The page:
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Today, the family celebrates the birthday of my niece, the Princess Fifi, the world's youngest catalog shopper. She was born two years ago and immediately began assembling a wardrobe. We're having a barbecue at Daria's house, where we can expect gifts, appetizers and Chlorox Bleach Pens.
A few days ago, Daria expressed in comments interest in a loaf of bread I'd baked. I felt so exposed! Imagine how the bread felt. I shiver, just thinking about it! Regardless, then, on Thursday night, I set up no-knead bread dough and last night just after 6:30, I set the oven for 450 degrees and soaked the clay pot in water. Italian TV waxed operatic in the living room. The kittens tussled athletically on the carpet. My dinner was just losing its singular appeal when tranquility was shattered by the ear-splitting peal of my building's fire alarm. Kittens dove under the couch for cover.
These are garden apartments, which means two apartments on the ground floor and two above, inside the firewalls. I ran for my door and my neighbor across the hall met me in the foyer. There was nothing to do but stand there because we coudn't see anything but each other. We smelled smoke but couldn't see it. As we stood there, staring at the bleating smoke detectors, her upstairs neighbors flung open the front door and bolted up the stairs past us, smiling sheepishly. "We smell it!" they said, and that's all they said.
I said nothing. They'd left an appliance unattended and were too embarrassed to say so, which meant that they'd deal with the noise. My neighbor and I went back to what we were doing. The hallway was so thick with smoke I could smell it in my apartment and with bread baking. The racket was paralyzing. Doors slammed upstairs, then outside. The young couple upstairs has relatives here, and they were obviously seeking help with the situation.
This is not the kind of place where I'd know much about my neighbors beyond their names, if that, so I don't know these two. They have two cats, they're well-educated and keep a nice home. They're the nice people I fretted about in December. You'll recall I considered breaking and entering to find out if they were upside down in a ditch. I'd guess they're in their mid-twenties, probably just a little older than Miss Sasha, and I guessed further this had never happened to them before because a few minutes turned into ten, then twenty, and still the distressing cacophony continued. I hated to intervene, but I couldn't take it anymore.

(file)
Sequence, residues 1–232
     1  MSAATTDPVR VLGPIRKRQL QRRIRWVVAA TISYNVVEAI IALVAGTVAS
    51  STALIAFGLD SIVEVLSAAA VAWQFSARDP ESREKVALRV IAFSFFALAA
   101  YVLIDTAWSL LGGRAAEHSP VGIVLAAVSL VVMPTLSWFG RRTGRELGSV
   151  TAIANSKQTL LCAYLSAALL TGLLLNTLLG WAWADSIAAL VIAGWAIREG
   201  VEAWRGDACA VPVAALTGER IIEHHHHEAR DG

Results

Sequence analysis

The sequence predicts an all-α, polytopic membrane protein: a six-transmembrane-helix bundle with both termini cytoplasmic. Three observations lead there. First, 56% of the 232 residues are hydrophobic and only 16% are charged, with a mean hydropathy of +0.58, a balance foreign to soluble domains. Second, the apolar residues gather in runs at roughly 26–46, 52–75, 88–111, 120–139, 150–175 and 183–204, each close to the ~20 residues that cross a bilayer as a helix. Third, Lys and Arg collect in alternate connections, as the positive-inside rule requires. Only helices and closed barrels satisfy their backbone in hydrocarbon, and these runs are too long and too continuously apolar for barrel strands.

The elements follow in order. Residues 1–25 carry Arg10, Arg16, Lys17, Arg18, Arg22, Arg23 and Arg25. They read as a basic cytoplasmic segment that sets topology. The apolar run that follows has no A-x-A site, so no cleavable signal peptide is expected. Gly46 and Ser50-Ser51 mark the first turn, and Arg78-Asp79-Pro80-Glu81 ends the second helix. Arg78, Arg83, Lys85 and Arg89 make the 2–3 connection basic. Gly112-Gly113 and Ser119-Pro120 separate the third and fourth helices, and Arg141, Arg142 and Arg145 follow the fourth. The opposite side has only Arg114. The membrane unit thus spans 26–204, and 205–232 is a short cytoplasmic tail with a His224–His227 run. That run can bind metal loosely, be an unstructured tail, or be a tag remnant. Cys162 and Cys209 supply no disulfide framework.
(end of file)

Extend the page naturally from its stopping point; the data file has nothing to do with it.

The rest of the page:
I took my four foot step ladder into the hallway, set it up, climbed it and disconnected the ground floor smoke detector. Reluctantly, I took the ladder upstairs and disconnected the upstairs smoke detector. The silence that followed was better than a cold drink on a hot, arid day. Then I knocked on their door.
She is tall and willowy, almost delicate. I've seen her books so I don't underestimate her intelligence. As I talk with her, I realize she depends absolutely on her more gregarious husband, and that I am old enough to be her mother.
Tata: Patricia, you had a little fire? Everything's all right now?
Patricia: The toaster caught fire. It's out. Dennis went to find someone to turn off the fire alarms.
Tata: I've disconnected them. Are you okay?
Patricia: I am okay. Dennis didn't know how to turn off the alarms.
Tata: Okay, then. It's simple. When the smoke clears, connect this to that, then screw this back into place.
Dennis bounded up the stairs a moment after Patricia closed the door. I explained the reconnection to him, searching his face for anything like wounded pride. A young man can be so easily hurt when women either trust him to know what to do or don't rely on him, as I didn't, and it's always hard to know what will offend. I also explained that for the first weeks I lived here, the downstairs fire alarm went off every night at 3:30, so I can disconnect these things in my sleep. Almost.
Daria's loaf of bread turned out beautifully despite the chaos.
One night, the first week we were in Virginia, Auntie InExcelsisDeo and I came to the same conclusion. It was in the air. I knew it, and I am always right about these things. Someone in that room was pregnant. Everyone said no. Everyone swore up and down that no, we were wrong. Summer's new husband called from California and said only, "When is the baby due?" which shocked us all into silence.
So today we learn Miss Sasha is pregnant after all. I am going to have a grandbaby. Let the shopping begin.